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Boomerang by Michael Lewis


by Michael Lewis

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This is another interesting look at the recent great disturbance in the world's financial stability, its' causes and results, focusing on five major population centers. Different societies and cultures all show one of the basic problems with people: once greed gets a hold on the national psyche, all bets are off and disaster beckons. Credit is dangerous and unlimited credit is fatal. I enjoyed reading this book. It gave me more information on the recent worldwide depression and the slow recovery that has plagued the start of this century. I think I understand it better than I did before. ( )
  susanbeamon | Nov 6, 2015 |
Michael Lewis ratcheted up the quality of his work with this book, a natural outgrowth of his excellent "The Big Short." It is funnier by miles than many of his other works, more well-researched by many degrees, broader in scope yet finely detailed, and flummoxing with the revelations of jaw-dropping particulars. I understand something about Lewis now, he likes to tell stories through the eyes of outlandish and outsized human beings. They're in spades here. Great read. ( )
  MartinBodek | Jun 11, 2015 |
To adapt the old saying, I'd read a phone book if it was written by Michael Lewis. As a spin-off from The Big Short this isn't one of his seminal works, but it still contains plenty of fine vignettes; best of all are the two top Greek economists who insist on meeting the author separately because they can't stand each other. "This, I'm told, is very Greek." ( )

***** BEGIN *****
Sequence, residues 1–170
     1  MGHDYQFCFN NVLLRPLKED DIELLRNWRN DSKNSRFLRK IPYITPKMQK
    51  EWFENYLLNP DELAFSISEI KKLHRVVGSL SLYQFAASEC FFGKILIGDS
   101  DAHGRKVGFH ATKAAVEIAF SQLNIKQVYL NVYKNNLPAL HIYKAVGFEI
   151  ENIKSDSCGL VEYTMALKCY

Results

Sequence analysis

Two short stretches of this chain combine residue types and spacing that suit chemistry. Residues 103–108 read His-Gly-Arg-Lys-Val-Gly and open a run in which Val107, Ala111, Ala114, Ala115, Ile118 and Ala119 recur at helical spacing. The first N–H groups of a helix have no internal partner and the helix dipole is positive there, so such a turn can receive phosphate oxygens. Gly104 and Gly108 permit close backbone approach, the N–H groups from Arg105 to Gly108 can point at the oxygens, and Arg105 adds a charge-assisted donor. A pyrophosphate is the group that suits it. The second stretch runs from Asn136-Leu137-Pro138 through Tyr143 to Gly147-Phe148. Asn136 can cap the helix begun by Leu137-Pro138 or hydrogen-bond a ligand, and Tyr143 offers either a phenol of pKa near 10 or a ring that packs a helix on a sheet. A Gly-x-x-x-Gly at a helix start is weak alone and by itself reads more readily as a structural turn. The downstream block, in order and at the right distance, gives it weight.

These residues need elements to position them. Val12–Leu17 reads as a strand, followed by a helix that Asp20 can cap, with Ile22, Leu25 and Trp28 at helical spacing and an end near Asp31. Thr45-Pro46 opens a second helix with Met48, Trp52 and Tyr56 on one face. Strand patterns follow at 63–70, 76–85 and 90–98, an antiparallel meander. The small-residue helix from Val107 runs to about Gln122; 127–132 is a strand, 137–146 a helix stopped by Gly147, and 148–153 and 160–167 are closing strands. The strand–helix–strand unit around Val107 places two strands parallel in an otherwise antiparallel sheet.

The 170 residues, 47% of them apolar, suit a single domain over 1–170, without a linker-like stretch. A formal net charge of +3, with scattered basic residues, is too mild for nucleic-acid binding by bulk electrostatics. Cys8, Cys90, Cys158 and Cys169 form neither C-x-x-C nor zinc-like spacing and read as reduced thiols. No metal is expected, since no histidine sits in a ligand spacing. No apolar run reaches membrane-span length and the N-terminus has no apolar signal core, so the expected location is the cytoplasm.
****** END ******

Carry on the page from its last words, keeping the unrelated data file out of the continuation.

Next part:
alexrichman | Mar 24, 2015 |
A remarkable book about economics that made me laugh out loud, cringe at the things greed causes people to do, and grimace with fright at how fragile the global economy can be. ( )
  eapalmer | Dec 20, 2014 |
Michael Lewis is a good writer. He can bring clarity to a very complicated issue. I listened to this one. Dylan Baker was a good reader. My husband joined me for parts of the book and it opened up interesting discussions. ( )
1 vote njcur | Feb 13, 2014 |
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To Doug Stumpf, gifted editor and gentle soul, without whom it never would have occurred to me to tour the ruins
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This book began accidentally, while I was at work on another book, about Wall Street and the 2008 U.S. financial disaster.
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(Click to show. Warning: May contain spoilers.)
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Amazon.com Product Description (ISBN 0393081818, Hardcover)

As Pogo once said, "We have met the enemy and he is us."

The tsunami of cheap credit that rolled across the planet between 2002 and 2008 was more than a simple financial phenomenon: it was temptation, offering entire societies the chance to reveal aspects of their characters they could not normally afford to indulge.

Icelanders wanted to stop fishing and become investment bankers. The Greeks wanted to turn their country into a piñata stuffed with cash and allow as many citizens as possible to take a whack at it. The Germans wanted to be even more German; the Irish wanted to stop being Irish.

Michael Lewis's investigation of bubbles beyond our shores is so brilliantly, sadly hilarious that it leads the American reader to a comfortable complacency: oh, those foolish foreigners. But when he turns a merciless eye on California and Washington, DC, we see that the narrative is a trap baited with humor, and we understand the reckoning that awaits the greatest and greediest of debtor nations.

(retrieved from Amazon Thu, 12 Mar 2015 18:25:31 -0400)

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Presents the author's darkly humorous investigation of the effects of the 2008 financial bubble on other countries before taking aim at greedy debtors in California and Washington, D.C.

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W.W. Norton

An edition of this book was published by W.W. Norton.

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Penguin Australia

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